As a 2011 COMMENTARY article by Cheryl Strauss Einhorn pointed out, by opposing such measures, Republicans are acting on sound economic and moral principles. As Einhorn writes, by transforming unemployment from a “short-term salve” into an entitlement that operates as a semi-permanent form of welfare, the government is doing more harm than good. Though Marcus assumes that all those on unemployment would take any job rather than stay on the program, the evidence of economic studies has always pointed in the other direction:

No less important than cost is the matter of results. All 10 of the economists interviewed for this article agreed that longer availability of benefits would, in fact, lead to a more leisurely job search. The Heritage study showed that “a 13-week extension of unemployment benefits results in the average worker remaining unemployed for an additional two weeks,” wrote Campbell, Sherk, and Ligon.

A recent study by Denmark’s Economic Council showed that many of those who do not find work right away wait until just before their benefits expire to take anything available. The study argues against lengthy payments, showing that recipients tend not to seek the jobs they could get but rather those they would like to have. The results encouraged the Danes to halve the country’s four-year benefit system, which, like those of other European countries, is more generous than the American one.

This flies in the face of the sort of popular sentiment that Marcus reflected. But as Einhorn discussed, the key to understanding this question is no different than that of other economic issues: incentives.

Indeed, the greatest conceptual lapse in our current unemployment policies results from forgetting the cardinal behavioral rule: incentives matter. As the unemployed conduct a more leisurely search, they lapse into government dependence and strain their connection to the workforce. This has the potential to create a crisis, whose reach goes far beyond the political, or even economic, domain and deep into Americans’ sense of worth.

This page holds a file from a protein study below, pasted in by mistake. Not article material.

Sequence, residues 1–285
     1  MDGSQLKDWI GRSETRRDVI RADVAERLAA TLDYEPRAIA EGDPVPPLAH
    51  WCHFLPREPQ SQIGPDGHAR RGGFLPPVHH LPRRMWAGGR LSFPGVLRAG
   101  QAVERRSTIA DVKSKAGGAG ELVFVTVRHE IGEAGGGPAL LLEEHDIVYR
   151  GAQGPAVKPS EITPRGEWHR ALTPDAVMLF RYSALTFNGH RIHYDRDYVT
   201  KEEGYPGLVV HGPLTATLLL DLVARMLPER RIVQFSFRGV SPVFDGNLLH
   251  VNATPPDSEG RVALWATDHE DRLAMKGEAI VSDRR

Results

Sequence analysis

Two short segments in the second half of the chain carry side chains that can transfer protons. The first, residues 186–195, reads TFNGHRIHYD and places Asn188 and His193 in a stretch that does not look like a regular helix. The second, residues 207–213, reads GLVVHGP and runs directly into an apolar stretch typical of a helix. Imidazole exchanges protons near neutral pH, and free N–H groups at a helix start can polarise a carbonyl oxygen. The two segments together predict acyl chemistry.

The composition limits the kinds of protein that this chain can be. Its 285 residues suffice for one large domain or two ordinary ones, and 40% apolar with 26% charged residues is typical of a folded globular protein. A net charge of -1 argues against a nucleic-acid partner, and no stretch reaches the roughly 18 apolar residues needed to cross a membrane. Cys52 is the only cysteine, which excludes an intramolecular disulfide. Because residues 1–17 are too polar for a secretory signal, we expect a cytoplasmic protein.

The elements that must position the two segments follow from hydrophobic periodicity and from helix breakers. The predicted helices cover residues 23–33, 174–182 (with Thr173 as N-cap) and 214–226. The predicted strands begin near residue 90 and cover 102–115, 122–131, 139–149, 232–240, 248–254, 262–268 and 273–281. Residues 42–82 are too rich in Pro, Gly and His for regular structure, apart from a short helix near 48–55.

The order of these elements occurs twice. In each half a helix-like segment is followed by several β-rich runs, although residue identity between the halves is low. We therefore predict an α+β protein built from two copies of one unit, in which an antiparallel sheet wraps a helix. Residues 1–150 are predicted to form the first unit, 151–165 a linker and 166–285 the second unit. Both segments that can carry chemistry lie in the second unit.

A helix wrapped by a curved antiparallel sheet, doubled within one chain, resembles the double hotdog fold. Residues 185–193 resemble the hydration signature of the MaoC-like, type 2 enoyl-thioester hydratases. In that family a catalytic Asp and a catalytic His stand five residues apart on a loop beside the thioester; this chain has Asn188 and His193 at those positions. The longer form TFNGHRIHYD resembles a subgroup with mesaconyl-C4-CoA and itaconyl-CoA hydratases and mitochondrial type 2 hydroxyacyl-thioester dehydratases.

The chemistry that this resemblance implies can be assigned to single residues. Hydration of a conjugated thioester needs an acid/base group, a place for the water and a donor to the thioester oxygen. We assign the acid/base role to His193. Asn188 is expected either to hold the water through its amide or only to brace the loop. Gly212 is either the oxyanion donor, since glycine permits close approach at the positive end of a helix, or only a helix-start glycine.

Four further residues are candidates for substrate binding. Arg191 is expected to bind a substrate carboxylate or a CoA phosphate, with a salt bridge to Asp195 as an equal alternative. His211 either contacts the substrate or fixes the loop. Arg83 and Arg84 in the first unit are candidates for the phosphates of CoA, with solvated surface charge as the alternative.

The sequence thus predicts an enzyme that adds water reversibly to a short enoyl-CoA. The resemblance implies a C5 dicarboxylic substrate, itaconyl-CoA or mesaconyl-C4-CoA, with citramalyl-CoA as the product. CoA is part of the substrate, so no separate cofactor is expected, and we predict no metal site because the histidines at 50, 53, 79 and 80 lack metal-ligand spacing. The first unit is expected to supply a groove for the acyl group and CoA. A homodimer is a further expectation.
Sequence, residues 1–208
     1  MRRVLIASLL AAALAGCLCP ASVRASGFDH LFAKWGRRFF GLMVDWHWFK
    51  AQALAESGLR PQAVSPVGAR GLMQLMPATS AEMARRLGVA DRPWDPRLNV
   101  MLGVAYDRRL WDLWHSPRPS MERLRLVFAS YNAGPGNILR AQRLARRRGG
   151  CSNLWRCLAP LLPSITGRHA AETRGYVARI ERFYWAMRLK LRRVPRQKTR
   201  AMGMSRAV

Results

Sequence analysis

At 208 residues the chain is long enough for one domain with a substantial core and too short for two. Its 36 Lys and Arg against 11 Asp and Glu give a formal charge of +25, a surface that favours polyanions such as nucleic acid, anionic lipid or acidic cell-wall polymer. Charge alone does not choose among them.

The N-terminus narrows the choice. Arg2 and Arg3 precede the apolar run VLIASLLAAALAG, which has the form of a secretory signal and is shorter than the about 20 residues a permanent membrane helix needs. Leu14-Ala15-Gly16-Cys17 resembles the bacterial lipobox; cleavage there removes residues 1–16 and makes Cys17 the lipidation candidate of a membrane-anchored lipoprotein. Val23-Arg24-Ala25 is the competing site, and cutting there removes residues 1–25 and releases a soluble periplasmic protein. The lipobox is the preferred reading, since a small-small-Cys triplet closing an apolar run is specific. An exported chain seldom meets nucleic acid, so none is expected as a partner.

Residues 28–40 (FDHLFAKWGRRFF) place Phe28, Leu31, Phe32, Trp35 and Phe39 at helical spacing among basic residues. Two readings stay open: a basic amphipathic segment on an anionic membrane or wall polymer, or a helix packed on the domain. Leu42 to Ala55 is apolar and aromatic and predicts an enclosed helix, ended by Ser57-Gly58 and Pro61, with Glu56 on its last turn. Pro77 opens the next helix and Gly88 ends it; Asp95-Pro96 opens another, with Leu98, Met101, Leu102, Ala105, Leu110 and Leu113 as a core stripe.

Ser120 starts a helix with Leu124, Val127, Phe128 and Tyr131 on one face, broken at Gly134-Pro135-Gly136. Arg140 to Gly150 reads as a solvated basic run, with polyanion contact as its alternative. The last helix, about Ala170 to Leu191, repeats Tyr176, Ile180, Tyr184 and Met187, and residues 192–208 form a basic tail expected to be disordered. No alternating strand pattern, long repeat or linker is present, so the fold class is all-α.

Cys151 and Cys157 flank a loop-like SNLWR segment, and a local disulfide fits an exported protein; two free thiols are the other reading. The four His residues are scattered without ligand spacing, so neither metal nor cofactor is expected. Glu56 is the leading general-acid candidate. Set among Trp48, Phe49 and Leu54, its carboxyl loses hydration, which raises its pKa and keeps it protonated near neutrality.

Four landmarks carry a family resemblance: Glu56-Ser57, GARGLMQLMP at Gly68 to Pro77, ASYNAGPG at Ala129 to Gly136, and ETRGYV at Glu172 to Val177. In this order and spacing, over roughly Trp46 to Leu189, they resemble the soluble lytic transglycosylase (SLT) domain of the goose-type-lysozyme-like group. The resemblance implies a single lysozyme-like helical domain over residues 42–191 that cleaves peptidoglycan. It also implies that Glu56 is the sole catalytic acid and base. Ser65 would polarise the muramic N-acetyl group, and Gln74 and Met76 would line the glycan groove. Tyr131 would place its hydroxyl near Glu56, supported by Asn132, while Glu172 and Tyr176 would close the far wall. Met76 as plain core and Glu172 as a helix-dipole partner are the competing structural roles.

Arguing against giving the unemployed more money seems harsh. Indeed, as far as liberals are concerned, it is the epitome of Dickensian maltreatment of the poor in which a refusal to spend more in this fashion is the moral equivalent of condemning Tiny Tim to death or the long-suffering clerk Bob Cratchit to a debtor’s prison rather than the goose dinner the reformed Scrooge sends him in the book. But it is of a piece with the same instinct that built a welfare system that served to create a permanent underclass in this country rather than giving the poor the helping hand they needed.

As Einhorn concluded:

According to the Congressional Research Service, workers who have been unemployed the longest are often the last to be hired after a recession. But we do not need research to back up the larger truth of what we have already witnessed. In a free market, nothing compounds a crisis like a well-meaning government, and nothing saps the individual spirit like dependence—under any name.

A sober examination of the question shows that rather than being a modern Scrooge, Paul was right. Democrats want to play Santa Claus and hand out more goodies to the unemployed. Doing so may even be good politics, at least in the short term. But by playing this game, they are doing neither the intended objects of their largesse nor the country any favors.

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Kerry May Play by the Rules; Iran Won’t